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PyeongChang medalists Chloe Kim and Adam Rippon were among four Olympians named to the 2018 Time 100, along with former gymnast Rachael Denhollander, the first woman to publicly accuse Larry Nassar of sexual abuse.

The other Olympians were Kevin Durant and Roger Federer on the most influential people list. Houston Texans defensive end J.J. Watt also made it.

Kim made the list as a pioneer. Award-winning chef David Chang, a second-generation Korean American and special correspondent for NBC at the PyeongChang Olympics, wrote an essay about watching the snowboarder take halfpipe gold.

“I felt two things simultaneously: incredibly happy for her — I made her a celebratory churro ice cream sandwich, which I think she called “bomb” — but also sad, because the whole world was about to descend on this now 17-year-old girl,” he wrote. “Asian-­American fans further piled on their hopes that she would shatter Asian stereotypes on her way to the podium. And to top it all off, she was competing in her parents’ birth country, one that is notoriously judgmental of its diaspora.

“And you know what? She crushed it. Blew us all out of the water. Now the best thing Chloe Kim can do is be Chloe Kim. That’s not being selfish—that’s letting people know they don’t have to be anything that anyone says they should be.”

Cher wrote the Time essay for Rippon, the first openly gay figure skater to compete for a U.S. Olympic team.

“Adam is a skater who happens to be gay, and that represents something wonderful to young people,” she wrote. “When I was young, I had no role models—everyone looked like Sandra Dee and Doris Day. There was nobody who made me think, Oh, I could be like them. They represent me. Adam shows people that if you put blood, sweat and tears into what you’re doing, you can achieve something that’s special. You can be special. And I think that’s very brave.”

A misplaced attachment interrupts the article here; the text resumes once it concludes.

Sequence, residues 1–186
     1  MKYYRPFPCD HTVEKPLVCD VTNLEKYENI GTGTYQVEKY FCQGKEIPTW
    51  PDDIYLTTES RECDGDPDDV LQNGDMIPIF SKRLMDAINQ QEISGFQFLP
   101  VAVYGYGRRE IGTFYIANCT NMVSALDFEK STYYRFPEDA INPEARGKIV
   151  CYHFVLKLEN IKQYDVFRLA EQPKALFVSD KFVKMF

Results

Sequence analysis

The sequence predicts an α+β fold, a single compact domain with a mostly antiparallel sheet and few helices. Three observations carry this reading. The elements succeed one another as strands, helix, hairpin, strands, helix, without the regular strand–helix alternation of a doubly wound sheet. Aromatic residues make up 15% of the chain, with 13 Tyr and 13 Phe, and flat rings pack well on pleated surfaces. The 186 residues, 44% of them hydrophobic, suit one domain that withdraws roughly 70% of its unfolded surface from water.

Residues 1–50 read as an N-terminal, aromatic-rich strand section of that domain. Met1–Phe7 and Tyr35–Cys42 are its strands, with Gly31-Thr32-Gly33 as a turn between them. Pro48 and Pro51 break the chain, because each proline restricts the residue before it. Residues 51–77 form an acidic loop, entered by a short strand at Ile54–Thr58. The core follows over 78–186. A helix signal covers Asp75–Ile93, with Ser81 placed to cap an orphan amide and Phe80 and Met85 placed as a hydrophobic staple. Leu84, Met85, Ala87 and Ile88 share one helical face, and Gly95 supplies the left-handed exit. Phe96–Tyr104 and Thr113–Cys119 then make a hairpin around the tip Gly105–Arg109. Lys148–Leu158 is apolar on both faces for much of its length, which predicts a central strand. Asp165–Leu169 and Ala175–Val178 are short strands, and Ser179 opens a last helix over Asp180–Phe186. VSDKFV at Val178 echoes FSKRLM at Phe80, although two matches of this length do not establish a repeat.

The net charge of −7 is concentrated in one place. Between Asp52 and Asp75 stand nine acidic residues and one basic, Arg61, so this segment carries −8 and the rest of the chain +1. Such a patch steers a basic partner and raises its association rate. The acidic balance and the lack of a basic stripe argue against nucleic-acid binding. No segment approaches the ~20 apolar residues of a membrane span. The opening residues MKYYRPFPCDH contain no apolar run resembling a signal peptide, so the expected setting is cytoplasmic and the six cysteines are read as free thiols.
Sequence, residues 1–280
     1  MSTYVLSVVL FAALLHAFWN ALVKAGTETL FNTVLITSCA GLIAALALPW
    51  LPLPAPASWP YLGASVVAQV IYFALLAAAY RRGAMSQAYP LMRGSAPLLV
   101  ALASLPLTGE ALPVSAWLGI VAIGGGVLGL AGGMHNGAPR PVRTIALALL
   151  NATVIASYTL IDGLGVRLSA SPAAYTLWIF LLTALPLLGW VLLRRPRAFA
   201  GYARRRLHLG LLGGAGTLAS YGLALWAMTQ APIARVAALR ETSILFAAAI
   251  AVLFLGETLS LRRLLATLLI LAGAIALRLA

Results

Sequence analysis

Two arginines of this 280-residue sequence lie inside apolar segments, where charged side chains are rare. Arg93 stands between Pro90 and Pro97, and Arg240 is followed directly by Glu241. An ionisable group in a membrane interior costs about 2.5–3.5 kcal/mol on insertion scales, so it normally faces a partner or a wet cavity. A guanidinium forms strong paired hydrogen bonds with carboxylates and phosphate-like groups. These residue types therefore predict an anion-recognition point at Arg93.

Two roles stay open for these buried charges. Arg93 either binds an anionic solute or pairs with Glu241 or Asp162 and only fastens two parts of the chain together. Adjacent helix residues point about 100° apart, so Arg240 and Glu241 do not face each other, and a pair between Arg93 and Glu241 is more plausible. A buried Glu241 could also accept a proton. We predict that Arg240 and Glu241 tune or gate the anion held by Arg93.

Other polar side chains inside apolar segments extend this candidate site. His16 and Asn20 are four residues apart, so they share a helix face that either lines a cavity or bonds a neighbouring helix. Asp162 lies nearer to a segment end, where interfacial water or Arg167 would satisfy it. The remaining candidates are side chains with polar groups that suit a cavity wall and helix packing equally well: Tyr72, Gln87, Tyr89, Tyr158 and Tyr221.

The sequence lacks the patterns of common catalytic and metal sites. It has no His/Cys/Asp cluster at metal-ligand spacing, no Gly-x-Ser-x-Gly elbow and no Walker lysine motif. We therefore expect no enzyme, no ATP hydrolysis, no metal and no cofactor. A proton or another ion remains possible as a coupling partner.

Like Rippon, the gymnast Denhollander made the Time 100 in the icon category. Olympic champion gymnast Aly Raisman, also a Nassar survivor, penned an essay.

“Rachael was there for each court session of that sentencing, each impact statement and each fellow survivor,” Raisman wrote. “This show of courage and conviction inspired many people to feel less like victims and more like survivors. We still have a long way to go before we achieve all the change that is so desperately needed, and I am grateful to be fighting alongside Rachael, my sister survivor!”

Here are Olympians and Paralympians on past Time 100 lists, counting only athletes who had competed in the Games before being listed:

2017 — Simone Biles, LeBron James, Neymar
2016 — Usain BoltCaitlyn JennerKatie LedeckySania MirzaRonda Rousey
2015 — Abby Wambach
2014 — Cristiano Ronaldo, Serena Williams
2013 — LeBron James, Li Na, Lindsey Vonn
2012 — Novak DjokovicLionel MessiOscar Pistorius
2011 — Lionel Messi
2010 — Yuna KimSerena Williams
2009 — Rafael Nadal
2008 — Andre Agassi, Lance Armstrong, Oscar Pistorius
2007 — Roger FedererChien Ming-Wang
2006 — Joey Cheek, Steve Nash
2005 — LeBron James
2004 — Lance Armstrong, Paula Radcliffe, Yao Ming
2000 (20th Century) — Muhammad Ali